In a school converted from part of an Episcopalian church in inner city Worcester, Massachusetts, 12-year-old boys are learning about the Roman emperor and philosopher Marcus Aurelius. Their teacher asks them to think about what makes a good leader today. “Honesty”, “bravery”, “fairness”, “responsibility”, “patriotism” and “confidence” they reply.
At Worcester’s Nativity school, this is more than a lesson in Roman history. It is another example of what one pupil, 13-year-old Marc Betancourt, means when he says: “In this school you get a lot of help to build your character.”
Nativity schools were founded in New York 35 years ago by the Jesuit order. This one, in Massachusetts’ second largest city, opened three years ago, and is now one of 41 across the US. More are planned.
The curriculum, including three reading periods totalling 90 minutes a day, is well structured, and has a strong ethical basis. The day runs from 8am to 6.30pm, with a three-week overnight summer programme, offering what is, in many ways, a second chance for the Nativity schools’ 2,508 10- to 14-year-old pupils.
After being greeted at the front door at 8am each morning by a senior member of staff, the boys go into breakfast, then into assembly. The “academic day” ends at 3.30pm, when after-school and evening activities begin. These include homework, theatre visits, choir, drama and sports. One Saturday a month there are field trips and other activities. The school hopes to arrange for eighth grade pupils to visit a developing country to help them understand poverty and injustice.
Worcester caters for boys as evidence suggests that boys of this age are most likely to drop out of school, while girls are more likely to do so in their secondary years. Even at those Nativity schools where the intake is mixed, classes tend to be single-sex, with no more than 15 pupils to a class.
At Worcester’s Nativity school, 60% of the boys are Hispanic one-third African-American and 3% Asian. Drawn from the city’s deprived Main Street South area, just over three-quarters of the boys at Worcester’s Nativity school live with a single parent and some are in foster care. There is stress in many of their homes and violence in their neighbourhoods.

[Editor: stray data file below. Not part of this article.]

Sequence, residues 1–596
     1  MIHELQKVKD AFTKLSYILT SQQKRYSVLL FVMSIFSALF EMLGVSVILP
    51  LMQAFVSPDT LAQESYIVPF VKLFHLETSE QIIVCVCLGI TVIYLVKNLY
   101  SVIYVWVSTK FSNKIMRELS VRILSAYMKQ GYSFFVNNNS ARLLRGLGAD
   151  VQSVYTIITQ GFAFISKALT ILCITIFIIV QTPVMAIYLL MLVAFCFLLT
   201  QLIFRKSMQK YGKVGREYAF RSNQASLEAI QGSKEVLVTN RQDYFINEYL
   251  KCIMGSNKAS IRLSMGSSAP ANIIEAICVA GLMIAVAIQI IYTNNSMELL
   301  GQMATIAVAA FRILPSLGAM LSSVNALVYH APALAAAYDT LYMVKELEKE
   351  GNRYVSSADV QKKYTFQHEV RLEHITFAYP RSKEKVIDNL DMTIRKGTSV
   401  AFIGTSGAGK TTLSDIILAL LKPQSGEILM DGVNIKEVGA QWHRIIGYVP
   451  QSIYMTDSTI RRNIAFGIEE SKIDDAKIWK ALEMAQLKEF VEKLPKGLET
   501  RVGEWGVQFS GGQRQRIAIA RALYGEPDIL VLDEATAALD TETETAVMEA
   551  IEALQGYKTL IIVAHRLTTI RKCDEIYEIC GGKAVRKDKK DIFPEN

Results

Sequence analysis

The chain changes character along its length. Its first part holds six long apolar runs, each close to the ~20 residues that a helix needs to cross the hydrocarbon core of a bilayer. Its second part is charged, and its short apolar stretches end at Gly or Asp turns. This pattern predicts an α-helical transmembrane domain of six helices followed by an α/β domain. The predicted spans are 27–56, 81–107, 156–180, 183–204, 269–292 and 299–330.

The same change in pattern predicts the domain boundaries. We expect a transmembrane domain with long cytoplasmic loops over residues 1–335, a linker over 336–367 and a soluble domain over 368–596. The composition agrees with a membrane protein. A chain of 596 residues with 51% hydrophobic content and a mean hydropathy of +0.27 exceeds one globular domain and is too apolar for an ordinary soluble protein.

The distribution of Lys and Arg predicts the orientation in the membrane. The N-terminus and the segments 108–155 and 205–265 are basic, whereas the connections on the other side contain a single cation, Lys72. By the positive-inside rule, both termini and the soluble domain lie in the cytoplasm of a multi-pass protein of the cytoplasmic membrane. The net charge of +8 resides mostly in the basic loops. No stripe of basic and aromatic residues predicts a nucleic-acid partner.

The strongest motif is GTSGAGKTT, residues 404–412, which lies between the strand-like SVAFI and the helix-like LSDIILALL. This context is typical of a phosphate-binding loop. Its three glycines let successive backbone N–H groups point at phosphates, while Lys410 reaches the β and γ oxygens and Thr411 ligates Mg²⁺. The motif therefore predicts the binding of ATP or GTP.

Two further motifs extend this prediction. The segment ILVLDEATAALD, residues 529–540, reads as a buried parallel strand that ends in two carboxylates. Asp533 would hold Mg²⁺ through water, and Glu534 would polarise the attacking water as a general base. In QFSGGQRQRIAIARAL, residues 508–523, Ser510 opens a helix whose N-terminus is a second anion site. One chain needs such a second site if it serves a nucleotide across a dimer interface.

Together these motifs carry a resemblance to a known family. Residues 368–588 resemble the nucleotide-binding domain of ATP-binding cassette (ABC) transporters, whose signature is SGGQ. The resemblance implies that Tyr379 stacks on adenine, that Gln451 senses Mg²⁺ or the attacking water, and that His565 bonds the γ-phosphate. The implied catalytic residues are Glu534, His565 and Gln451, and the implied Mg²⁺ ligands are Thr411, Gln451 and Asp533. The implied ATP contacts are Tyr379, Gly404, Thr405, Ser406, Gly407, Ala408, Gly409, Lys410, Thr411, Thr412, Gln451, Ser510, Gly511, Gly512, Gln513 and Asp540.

Public schools have a 30% drop out rate among (mainly) African-American and Latino pupils. By comparison, Nativity schools overall boast a 97.8% attendance rate. One-third of the pupils are Catholic. Another 25% are Baptists, with Pentecostals and other Christian groups (there are no non-Christians) making up the rest.
With no state, city or federal funding, Worcester’s Nativity school was set up with a private foundation’s donation and meets its $750,000 annual running costs from private donations and grants from foundations. Parents pay a monthly fee of between £5.50 and £16.50, which can be waived for those unable to pay. The school library began with 30 books, but now has 6,000, most of which have been donated.
The nearby Holy Cross college provides 120 students to act as personal tutors for the boys for 90 minutes three times a week.
Michael Perry-Moen, 13, says: “I used to get frustrated at my other school because lessons would be taught fast, or if you were absent you would be given work and have to get on with it and I didn’t always understand it. Here, they take time to make sure that you do understand it.”
In the year before they leave, boys will be helped to visit secondary schools they might want to join. If funding is required for their new school, the school helps them to find it.
There are boys with problems like attention deficit hyperactivity disorder and those who come from very disturbed backgrounds. Deputy head Kathleen Gorski says: “In a small school you can help the child with ADHD to be successful because you have the time to spend with them, not just in the classroom but before school begins, during lunch and at the end of the academic day.”
A recent graduate at Worcester described it as “much more than a school it’s a way of life”. Another referred to it as his “extended family”. As endorsements go, you can’t do much better than that.
● Small classes allow teachers to engage with children and better tailor lessons to needs.
This article appeared in the 30 August issue under the headline “Much more than a school, it’s a way of life”